Online literary journals are abundant on the web, but for some reason can be difficult to find. I’ve gathered together in one place 10 links to different literary journals that have been featured in the last 3 months or so here at A Bunch of Wordz. These literary magazines often feature poetry, short stories, articles, nonfiction, book reviews, and more.
Readers will want to click on the main page, while links to the call for submission guidelines have also been provided for writers looking to submit their work.
To see even more online literary journals and submission guidelines, see my previous post Online Literary Journals 1.
Okay, I wasn’t even sure I liked this online magazine upon first perusal, but now it is quickly becoming one of my favorites. It’s quirky, strange, a little silly, and perhaps an acquired taste, but one I’ve now grown to love.
Don’t miss the poem by Marilyn Letts called No Third Date at Feathertale.com. The last line/last reason for not having a third date was the best and had me chuckling.
Thank you to Justin Hyde for sending me an email and turning me on to the online poetry journal, The Orange Room Review. (Yes, I am getting some emails, but I’m not sure if I’m getting all emails, so if you’ve sent me one and think I’m ignoring you, I probably didn’t receive it. Or possibly I actually am ignoring you and using this as an excuse. 😉 ) Anyhoo…
Justin has another exceptional poem (I don’t think he writes any other kind) published in the current edition called she told me her mother slept with a revolver. This is one of those poems where an excerpt wouldn’t do it justice — you have to read it as a whole to get the full impact, so go click on the link above.
Interestingly and coincidentally, the current issue also features a poem by Zachary Bush who was just featured in a recent post here at A Bunch of Wordz. The poem is called My First Week at the Boys Boarding School.
Also, check out Before Dawn by Elliot Richard Dorfman. I like the rhythmic flow he achieved in this short poem and the way he put his words together to convey a certain kind of feeling to go along with what he had to say. Here are a few lines:
“In the dark, the mellow chimes
of my clock strike the hours.
I feel serene and transfixed in a world that
seems to be mine, alone.”
I know I have a few regular readers who are writers themselves, so I thought it worth mentioning that the turnaround for submissions at this magazine is unusually fast at between 1 and 14 days — good news if you’re looking for a quick response to your poetry submittal.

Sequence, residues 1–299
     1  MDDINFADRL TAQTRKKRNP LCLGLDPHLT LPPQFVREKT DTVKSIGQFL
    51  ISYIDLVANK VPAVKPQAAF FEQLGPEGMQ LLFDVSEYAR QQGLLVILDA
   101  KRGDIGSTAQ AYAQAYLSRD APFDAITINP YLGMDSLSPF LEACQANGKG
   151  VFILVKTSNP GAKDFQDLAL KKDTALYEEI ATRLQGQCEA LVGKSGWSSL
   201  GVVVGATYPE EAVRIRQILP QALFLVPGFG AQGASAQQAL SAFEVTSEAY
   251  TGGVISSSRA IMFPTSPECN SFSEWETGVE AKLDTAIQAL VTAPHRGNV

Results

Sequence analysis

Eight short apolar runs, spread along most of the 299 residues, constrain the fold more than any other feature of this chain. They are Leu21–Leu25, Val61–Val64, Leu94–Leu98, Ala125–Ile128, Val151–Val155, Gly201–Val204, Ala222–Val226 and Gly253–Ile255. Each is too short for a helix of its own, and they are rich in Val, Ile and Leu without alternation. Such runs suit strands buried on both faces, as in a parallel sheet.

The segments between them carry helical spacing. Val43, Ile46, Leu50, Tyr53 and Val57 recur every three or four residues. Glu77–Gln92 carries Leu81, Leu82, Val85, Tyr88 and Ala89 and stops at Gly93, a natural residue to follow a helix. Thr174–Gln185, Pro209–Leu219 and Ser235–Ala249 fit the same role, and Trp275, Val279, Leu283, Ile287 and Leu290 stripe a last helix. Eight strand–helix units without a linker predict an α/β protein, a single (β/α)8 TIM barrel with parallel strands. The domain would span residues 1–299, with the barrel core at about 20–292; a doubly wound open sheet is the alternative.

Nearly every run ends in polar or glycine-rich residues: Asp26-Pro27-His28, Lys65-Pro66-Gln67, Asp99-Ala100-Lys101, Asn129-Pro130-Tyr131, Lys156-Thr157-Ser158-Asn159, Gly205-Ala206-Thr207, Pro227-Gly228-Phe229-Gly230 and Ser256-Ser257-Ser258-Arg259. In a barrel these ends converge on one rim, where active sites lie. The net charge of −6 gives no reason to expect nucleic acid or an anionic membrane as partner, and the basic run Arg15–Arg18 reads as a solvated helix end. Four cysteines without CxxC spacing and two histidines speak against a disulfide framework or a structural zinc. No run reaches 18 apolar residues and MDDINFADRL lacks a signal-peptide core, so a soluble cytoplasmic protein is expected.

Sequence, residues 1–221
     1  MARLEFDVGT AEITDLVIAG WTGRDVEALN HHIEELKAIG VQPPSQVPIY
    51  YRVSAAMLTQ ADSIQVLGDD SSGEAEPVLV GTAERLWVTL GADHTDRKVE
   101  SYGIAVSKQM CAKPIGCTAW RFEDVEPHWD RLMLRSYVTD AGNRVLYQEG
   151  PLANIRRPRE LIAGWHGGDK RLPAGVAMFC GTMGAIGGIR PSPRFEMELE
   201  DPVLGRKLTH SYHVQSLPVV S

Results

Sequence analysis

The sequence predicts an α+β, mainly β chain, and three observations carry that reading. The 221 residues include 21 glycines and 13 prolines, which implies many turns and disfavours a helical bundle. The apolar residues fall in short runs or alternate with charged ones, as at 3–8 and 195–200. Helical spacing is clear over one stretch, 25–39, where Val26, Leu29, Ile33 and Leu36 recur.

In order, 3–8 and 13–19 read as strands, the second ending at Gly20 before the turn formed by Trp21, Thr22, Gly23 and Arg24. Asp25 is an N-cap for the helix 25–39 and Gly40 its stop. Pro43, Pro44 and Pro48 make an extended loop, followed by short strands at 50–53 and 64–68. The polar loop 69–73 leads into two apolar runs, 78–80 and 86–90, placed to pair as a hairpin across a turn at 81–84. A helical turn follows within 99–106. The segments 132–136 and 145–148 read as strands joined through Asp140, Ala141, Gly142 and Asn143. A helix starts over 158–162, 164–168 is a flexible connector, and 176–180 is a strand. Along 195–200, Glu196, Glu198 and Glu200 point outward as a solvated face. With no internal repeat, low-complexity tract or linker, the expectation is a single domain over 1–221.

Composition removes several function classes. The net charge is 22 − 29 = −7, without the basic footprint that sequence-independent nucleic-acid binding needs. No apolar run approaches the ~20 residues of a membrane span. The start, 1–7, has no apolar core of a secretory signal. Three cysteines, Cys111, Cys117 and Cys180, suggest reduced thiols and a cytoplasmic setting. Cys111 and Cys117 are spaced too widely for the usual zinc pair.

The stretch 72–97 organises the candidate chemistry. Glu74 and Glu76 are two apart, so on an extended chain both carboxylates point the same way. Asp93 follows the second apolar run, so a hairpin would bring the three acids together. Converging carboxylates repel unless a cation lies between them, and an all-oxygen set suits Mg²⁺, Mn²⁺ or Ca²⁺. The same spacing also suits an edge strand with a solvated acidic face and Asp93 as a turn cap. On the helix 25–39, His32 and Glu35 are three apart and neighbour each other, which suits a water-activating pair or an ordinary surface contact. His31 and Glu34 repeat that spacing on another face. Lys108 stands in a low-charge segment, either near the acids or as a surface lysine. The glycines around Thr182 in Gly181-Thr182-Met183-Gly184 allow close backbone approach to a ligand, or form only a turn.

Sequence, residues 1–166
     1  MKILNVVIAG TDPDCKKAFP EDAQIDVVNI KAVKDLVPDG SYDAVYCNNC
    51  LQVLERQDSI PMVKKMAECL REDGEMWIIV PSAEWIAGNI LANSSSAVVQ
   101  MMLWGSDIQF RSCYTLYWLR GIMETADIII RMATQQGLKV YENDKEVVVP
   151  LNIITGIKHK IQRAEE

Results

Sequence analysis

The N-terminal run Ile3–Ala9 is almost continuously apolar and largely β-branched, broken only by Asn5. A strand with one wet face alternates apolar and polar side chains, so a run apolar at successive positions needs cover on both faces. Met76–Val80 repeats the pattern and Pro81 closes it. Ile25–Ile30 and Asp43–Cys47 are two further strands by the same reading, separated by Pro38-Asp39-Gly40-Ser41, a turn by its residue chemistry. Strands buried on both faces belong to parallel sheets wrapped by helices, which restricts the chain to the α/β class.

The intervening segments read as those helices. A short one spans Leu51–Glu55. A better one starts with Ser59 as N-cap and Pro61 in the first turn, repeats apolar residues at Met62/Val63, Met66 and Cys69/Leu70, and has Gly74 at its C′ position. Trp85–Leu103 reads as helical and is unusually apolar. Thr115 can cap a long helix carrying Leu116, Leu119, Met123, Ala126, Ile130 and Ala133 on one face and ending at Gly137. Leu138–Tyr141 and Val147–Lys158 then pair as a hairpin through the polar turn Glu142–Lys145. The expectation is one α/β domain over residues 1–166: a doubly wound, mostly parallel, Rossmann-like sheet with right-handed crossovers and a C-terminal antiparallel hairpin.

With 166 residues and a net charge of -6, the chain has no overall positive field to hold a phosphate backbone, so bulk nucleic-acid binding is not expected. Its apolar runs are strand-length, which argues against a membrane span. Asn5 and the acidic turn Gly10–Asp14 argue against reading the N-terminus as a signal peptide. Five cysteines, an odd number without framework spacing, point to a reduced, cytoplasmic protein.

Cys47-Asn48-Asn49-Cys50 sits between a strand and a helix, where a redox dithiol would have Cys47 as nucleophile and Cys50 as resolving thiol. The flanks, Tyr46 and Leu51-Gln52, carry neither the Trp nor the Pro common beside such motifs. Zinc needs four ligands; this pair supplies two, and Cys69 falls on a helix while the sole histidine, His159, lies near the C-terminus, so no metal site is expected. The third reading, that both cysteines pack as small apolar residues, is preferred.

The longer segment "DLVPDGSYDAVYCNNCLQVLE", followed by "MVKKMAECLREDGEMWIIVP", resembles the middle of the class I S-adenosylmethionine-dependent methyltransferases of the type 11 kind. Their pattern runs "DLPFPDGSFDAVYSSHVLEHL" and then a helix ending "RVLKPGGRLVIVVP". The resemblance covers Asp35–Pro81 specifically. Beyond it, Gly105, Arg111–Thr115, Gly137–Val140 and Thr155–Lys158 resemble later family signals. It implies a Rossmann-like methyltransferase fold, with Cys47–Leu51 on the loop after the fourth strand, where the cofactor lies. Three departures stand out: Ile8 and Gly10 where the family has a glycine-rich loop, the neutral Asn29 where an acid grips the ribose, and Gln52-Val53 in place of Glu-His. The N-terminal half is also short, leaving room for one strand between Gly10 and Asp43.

Lyn Cannaday’s work has been featured on this blog before. She’s a talented writer, and I’d like to do my part to help her get exposure. She recently had a poem published at poeticdiversity called Two Random Moments. Here’s an excerpt:
“My heart tripped on the history of tuffets and cheap horror films
Where cameras magnify tiny bodies.
Then I paused and saw the petite, dark body
delicately balanced at the center of those questing legs
like a dancer flowing gracefully across the stage of my sweaty arm”
Visit the above link to read the entire piece.
After Three Hours of Screening Dirt at Heshotauthla is the name of Ann Walters’ poem, found at the Ballard Street Poetry Journal. It begins:
“From her open palm sweat rises,
and oil, dust, a thousand exhalations
of the nerves…”
Read the rest of this short poem by Walters, a former physical anthropologist and archaeologist, or visit the Ballard Street Poetry Journal homepage.
If you visit this blog often, you’ve probably witnessed me going on and on about 3AM Magazine (who, by the way, still has not gotten back to me regarding poems I submitted at the beginning of August). Should I re-submit at the beginning of November? Or just call it a loss and move on?
Anyway, did you know there’s also a 4AM Magazine called 4AM Poetry Review? It’s mostly a print magazine but does have some stuff online, like this great poem by Rebecca Loudon:
“Fool, fool, fool, fool, fool.
She might be pregnant-bloated
face, thighs, hips, hands, mouth.
Love is a stupid feathery thing
that should be shot down with rock salt.”
Read the rest of this poem, called Danses Sacrées et Profanes, at the site, visit the 4AM homepage, or subscribe to the magazine.